Europe Sees Continued Interest in ESG-Fueled Retirement Planning
As we explore global retirement trends through our quarterly Defined Contribution in Review, a notable difference between regions includes the greenish tinge to global plans, with a number of factors bolstering the Environmental, Social and Governance (ESG) standards outside of the U.S.
Plan sponsors are increasingly eyeing ESG factors, especially in Europe, where more robust rules governing pension management give the trend a higher profile. A larger number of companies in Europe have also chosen to become signatories of the Principles of Responsible Investment (PRI), developed by an international group of institutional investors and shepherded by the United Nations, reflecting an increased global focus on ESG.
The expected transition to a lower-carbon economy, a key topic within ESG, is estimated by the industry-led Task Force on Climate-related Financial Disclosures (TCFD) to require around $1 trillion of investments a year for the foreseeable future. Globally, nearly 400 investors representing $22 trillion in assets under management have publicly called on the G20 to support the Paris Agreement, drive investment into the low-carbon transition and support TCFD1 goals. Different countries, such as Australia, are still finding ways to balance TCFD’s voluntary recommendations with non-ESG economic drivers.
What are the Six Principles for Responsible Investment?
- Incorporate ESG issues into investment analysis and decision-making processes.
- Be active owners and incorporate ESG issues into ownership policies and practices.
- Seek appropriate disclosure on ESG issues by the entities in which PRI members invest.
- Promote acceptance and implementation of the Principles within the investment industry.
- Work together to enhance effective implementation of the Principles.
- Report on activities and progress toward implementing the Principles.
Source: Principles for Responsible Investment, https://www.unpri.org/pri
Europe Leads the Way
Surveys of institutional asset owners and investment consultants have found that the majority of respondents in Europe consider ESG principles during their decision-making process. Both cultural and regulatory factors can describe the increased focus in the region, not to mention a $1.8 trillion institutional pension fund coalition calling on banks to supply more and better information about climate-related issues.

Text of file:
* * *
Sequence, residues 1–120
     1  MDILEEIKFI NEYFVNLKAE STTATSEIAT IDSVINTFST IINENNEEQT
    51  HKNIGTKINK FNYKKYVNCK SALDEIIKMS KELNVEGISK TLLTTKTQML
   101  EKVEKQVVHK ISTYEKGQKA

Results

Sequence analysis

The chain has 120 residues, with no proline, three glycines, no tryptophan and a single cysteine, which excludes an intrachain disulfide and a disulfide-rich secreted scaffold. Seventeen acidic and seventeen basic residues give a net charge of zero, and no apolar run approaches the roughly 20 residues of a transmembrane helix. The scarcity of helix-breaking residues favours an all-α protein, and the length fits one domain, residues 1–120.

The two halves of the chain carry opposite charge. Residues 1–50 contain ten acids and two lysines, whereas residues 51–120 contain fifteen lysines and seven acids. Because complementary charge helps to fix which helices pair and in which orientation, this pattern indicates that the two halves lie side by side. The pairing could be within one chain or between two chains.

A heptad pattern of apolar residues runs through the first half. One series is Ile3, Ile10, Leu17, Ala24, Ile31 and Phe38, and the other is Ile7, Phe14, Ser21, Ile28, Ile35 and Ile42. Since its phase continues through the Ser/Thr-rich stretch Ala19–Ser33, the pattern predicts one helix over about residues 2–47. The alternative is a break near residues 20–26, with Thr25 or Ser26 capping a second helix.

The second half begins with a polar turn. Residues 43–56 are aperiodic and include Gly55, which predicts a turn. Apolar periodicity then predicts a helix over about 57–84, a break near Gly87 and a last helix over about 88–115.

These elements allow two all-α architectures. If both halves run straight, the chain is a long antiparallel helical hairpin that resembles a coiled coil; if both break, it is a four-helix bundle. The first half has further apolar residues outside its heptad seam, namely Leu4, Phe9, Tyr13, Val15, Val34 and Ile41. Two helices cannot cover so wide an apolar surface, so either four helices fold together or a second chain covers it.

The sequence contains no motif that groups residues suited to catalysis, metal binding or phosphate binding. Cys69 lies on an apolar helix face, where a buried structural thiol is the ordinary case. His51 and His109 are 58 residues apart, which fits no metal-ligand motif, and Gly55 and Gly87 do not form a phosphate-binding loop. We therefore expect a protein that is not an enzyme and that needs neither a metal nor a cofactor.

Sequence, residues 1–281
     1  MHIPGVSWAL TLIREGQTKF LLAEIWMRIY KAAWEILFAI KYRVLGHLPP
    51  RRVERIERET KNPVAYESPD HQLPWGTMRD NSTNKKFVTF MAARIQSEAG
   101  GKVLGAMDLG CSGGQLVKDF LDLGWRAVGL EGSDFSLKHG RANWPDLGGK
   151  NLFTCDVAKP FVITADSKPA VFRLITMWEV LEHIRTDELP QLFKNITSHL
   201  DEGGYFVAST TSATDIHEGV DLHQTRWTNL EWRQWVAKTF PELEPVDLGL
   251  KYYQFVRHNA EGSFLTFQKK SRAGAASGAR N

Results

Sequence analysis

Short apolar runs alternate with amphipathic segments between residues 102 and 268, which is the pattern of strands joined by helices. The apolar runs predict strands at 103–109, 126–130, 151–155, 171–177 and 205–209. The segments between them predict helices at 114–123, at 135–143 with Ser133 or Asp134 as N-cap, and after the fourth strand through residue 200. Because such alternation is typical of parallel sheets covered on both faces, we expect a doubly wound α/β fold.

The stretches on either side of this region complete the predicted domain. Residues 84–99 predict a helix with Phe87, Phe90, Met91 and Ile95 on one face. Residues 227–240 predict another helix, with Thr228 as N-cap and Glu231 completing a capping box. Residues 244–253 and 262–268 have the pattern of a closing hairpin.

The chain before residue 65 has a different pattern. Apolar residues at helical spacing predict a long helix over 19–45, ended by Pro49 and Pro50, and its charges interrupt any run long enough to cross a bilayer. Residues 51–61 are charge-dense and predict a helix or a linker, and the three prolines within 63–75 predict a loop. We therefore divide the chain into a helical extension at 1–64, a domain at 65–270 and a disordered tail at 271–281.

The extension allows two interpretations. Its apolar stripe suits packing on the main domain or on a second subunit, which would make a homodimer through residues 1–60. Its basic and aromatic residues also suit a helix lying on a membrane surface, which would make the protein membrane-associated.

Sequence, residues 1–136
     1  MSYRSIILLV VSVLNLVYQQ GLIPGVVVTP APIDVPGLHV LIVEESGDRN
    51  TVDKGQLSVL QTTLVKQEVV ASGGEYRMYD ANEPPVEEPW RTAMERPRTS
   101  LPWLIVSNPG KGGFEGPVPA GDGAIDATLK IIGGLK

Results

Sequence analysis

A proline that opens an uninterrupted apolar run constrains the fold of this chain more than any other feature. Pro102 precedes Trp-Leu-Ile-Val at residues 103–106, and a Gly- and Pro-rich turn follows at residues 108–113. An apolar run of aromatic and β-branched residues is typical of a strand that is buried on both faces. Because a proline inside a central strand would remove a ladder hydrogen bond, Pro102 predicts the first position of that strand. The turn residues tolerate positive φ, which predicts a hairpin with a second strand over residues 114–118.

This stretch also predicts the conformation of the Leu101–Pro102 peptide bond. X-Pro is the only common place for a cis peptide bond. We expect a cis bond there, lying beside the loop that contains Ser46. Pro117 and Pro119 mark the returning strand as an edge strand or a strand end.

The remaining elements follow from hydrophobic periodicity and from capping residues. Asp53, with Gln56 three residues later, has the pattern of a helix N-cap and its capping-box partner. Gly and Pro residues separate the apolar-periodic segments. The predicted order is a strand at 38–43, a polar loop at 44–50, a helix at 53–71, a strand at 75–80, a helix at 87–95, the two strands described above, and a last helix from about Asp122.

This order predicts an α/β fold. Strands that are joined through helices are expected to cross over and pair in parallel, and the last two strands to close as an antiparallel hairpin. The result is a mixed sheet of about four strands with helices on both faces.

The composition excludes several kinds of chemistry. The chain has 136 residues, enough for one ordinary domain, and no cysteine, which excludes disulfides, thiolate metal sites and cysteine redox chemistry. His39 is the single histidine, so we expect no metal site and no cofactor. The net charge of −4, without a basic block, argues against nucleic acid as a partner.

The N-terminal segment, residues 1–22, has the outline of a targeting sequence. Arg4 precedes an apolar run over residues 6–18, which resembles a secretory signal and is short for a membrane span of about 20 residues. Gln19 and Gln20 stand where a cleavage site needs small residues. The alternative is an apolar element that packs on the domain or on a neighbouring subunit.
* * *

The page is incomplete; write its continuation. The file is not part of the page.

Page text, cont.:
Examples of European plans adhering to TCFD recommendations to drive ESG progress include the National Employment Savings Trust (NEST) (£2.2bn) and Environment Agency Pension Fund (£3.8bn) in the UK, Swiss multi-employer funds Caisse Inter-Entreprises de Prévoyance Professionnelle (€5.5bn) and Nest Sammelstiftung (€2.1bn), Finland’s Elo Mutual Pension Insurance (€22bn) and Swedish pensions and insurance firm Folksam (€38bn)2.
Further, a recent report from the European Commission’s High Level Expert Group (HLEG) on sustainable finance represents a step toward implementing the Paris Agreement and the EU’s Agenda for Sustainable Development. If the report leads to increased regulatory legislation, it will become increasingly difficult for European companies to wriggle out from underneath sustainability requirements.
Jury Still Out in the U.S.
Bloomberg L.P. took the lead by becoming the first U.S.-domiciled corporate retirement plan sponsor to join PRI. Could this be the beginning of a larger trend?
UK-based Janus Henderson Investors is a signatory.
The U.S. Forum for Sustainable and Responsible Investment found that by the end of 2016, there were more than 1,000 funds incorporating ESG criteria into their investment decisions3. But while a spark has been struck with some plans in the U.S., the fire hasn’t quite kindled, as only 2.4% of U.S. 401(k) or Profit Sharing Plans have ESG funds, according to the Plan Sponsor Council of America’s most recent survey. The question remains: why not?
Studies abound questioning whether ESG as a source of alpha justifies the investment, and much of the dialogue has only surrounded using it as a means of engaging millennials versus incorporating it for the benefit of all participants. One possibility is a lag in education, sometimes stemming from a misunderstanding that ESG investing means only utilizing specialized products like themed bonds and green bonds. In reality, responsible investment doesn’t rule out any sector or company. Nor is it the same as socially responsible investment (SRI) or impact investing. And which criteria to use when determining ESG can be subjective, so research is required to ensure that goals and values align with specific investments. Companies in the U.S. are increasingly choosing to publish reports on their ESG approach, which may include the prohibition of certain transactions or exposure.
To learn more about Janus Henderson’s corporate responsibility efforts, please visit our IMPACT report.
Fiduciary aspects for retirement plans also need to be considered. Some outside the US have said plan sponsors have a fiduciary duty to consider ESG when making investment menu decisions. Adding to the confusion was a recent DOL Field Assistance Bulletin (2018-01) which left many puzzled since it noted that “fiduciaries must not too readily treat ESG factors as economically relevant” but also that plan sponsors could certainly use ESG as a criteria when making investment decisions.
An uptick in pro-transparency, pro-sustainability legislation in the U.S. could open the gates wider, along with continued regulatory reform in Europe and elsewhere. However, it remains to be seen whether these trends will make a lasting impact on plans stateside.